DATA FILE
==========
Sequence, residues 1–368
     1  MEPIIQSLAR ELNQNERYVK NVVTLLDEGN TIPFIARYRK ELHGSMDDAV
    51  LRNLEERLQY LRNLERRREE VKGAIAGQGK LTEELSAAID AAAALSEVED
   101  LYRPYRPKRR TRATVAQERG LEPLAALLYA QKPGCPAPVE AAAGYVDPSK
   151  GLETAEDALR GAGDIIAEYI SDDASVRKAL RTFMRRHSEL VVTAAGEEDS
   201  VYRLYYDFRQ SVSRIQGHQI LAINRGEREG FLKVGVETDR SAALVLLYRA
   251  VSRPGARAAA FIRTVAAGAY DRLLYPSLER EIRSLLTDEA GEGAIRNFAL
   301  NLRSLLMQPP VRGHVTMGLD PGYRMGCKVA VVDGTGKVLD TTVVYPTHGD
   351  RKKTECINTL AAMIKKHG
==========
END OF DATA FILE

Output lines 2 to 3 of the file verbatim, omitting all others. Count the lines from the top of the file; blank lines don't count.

     1  MEPIIQSLAR ELNQNERYVK NVVTLLDEGN TIPFIARYRK ELHGSMDDAV
    51  LRNLEERLQY LRNLERRREE VKGAIAGQGK LTEELSAAID AAAALSEVED